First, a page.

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The Privacy Advisor | Momentum to better protect children's privacy in Australia Related reading: Australia's government responds to the Privacy Act Review Report



There is global momentum to bolster children's privacy protections — including in Australia. In countries such as the U.K. and the U.S., privacy reforms have sought to advance the best interests of the child, create a safe space for children to thrive online and empower responsible parents and caregivers. Australia's current privacy regulatory landscape requires an overhaul to pursue these goals.

According to the Australian Community Attitudes to Privacy Survey, released in August 2023, protecting their child's personal information is a major concern for 79% of Australian parents, with only 50% of parents feeling they can protect their child's privacy. For 91% of parents, privacy is of high importance when deciding whether to provide their child with access to digital devices and services.

The increased use of artificial intelligence, generative AI technology and social media apps by children presents new privacy risks and exposes them to harms including economic exploitation and exposure to dark patterns or explicit material, bullying and harassment — such as deepfakes and doxxing — emotional distress, and threats to physical safety.      

There has been a rise of educational technology in Australian schools, with a recent Human Rights Watch report finding 89% of global educational apps and websites assessed, including those used by Australian schools, put at risk or directly violated children's privacy by using personal information for purposes unrelated to education — including extensive tracking and sharing of personal information with advertising technology companies.

Recent regulatory changes and proposed privacy reforms in Australia intend to address emerging privacy risks and potential harms to children, with a focus on digital harms.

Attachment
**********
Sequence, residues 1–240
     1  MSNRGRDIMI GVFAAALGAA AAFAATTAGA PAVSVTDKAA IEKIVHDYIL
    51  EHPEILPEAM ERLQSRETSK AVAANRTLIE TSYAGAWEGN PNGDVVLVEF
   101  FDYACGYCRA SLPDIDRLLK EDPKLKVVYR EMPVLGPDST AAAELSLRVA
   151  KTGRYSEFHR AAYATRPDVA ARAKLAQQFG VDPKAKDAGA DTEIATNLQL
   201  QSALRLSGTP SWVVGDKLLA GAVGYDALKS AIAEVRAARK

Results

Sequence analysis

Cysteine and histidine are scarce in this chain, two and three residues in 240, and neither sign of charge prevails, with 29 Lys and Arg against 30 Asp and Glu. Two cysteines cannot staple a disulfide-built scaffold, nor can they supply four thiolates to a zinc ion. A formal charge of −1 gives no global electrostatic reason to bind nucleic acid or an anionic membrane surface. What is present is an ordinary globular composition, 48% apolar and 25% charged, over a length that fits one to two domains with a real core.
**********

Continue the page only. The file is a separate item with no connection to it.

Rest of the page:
Privacy Act

Australia's Privacy Act 1988 does not currently specifically address children's privacy. Along with state health information laws, the act does require that an individual has capacity to consent, if it is used as a lawful basis to collect, use or disclose personal information (used in limited scenarios). Capacity is determined by the organization or agency handling the personal information.

As there is no prescribed age to determine capacity, the Office of the Australian Information Commissioner recommends that, as a general rule: An individual under the age of 18 has the capacity to consent if they have the maturity to understand what's being proposed; if a child lacks maturity, a parent or guardian may be able to consent on their behalf; and if it is not practical to assess the capacity of individuals on a case-by-case basis, it can be assumed that an individual over the age of 15 has capacity.

There is a permitted exemption under the Privacy Act for organizations providing a health service to collect from, use or disclose to a responsible person (including a parent or guardian) a child’s health information. The OAIC recommends, as a general rule, when determining to disclose health information, a health service provider should also consider the child's degree of autonomy, and understanding of the relevant issues, circumstances and the nature of the information being handled. An example is shared where a child explicitly asks for information to be kept in confidence, such as a pregnancy or mental illness, as a reason not to disclose their health information to a parent. If the child is determined to lack capacity, they may still be able to contribute to decisions and should be involved in the decision-making process to the extent possible.

eSafety Commissioner and the Online Safety Act    

The eSafety Commissioner has pioneered Safety by Design to make digital spaces safer and more inclusive to protect vulnerable persons, such as children. Its broad advocacy and powers relating to online safety intersect with privacy goals to protect children from harms online, but the eSafety Commissioner highlighted they are two related, but distinct, concepts.

Australia's Online Safety Act 2021 gave the eSafety Commissioner new powers to protect the online safety of all Australians, with particular focus on protecting children from online abuse and exposure to harmful content. Under the act, the eSafety Commissioner can require online service providers to report on how they comply with Basic Online Safety Expectations. The expectations include protections for children from content that is not age appropriate. Reasonable steps online service providers may take to meet these expectations are based on the nature of the business, but may include ensuring default privacy and safety settings of services targeted at, or used by children, are robust and set to the most restrictive level.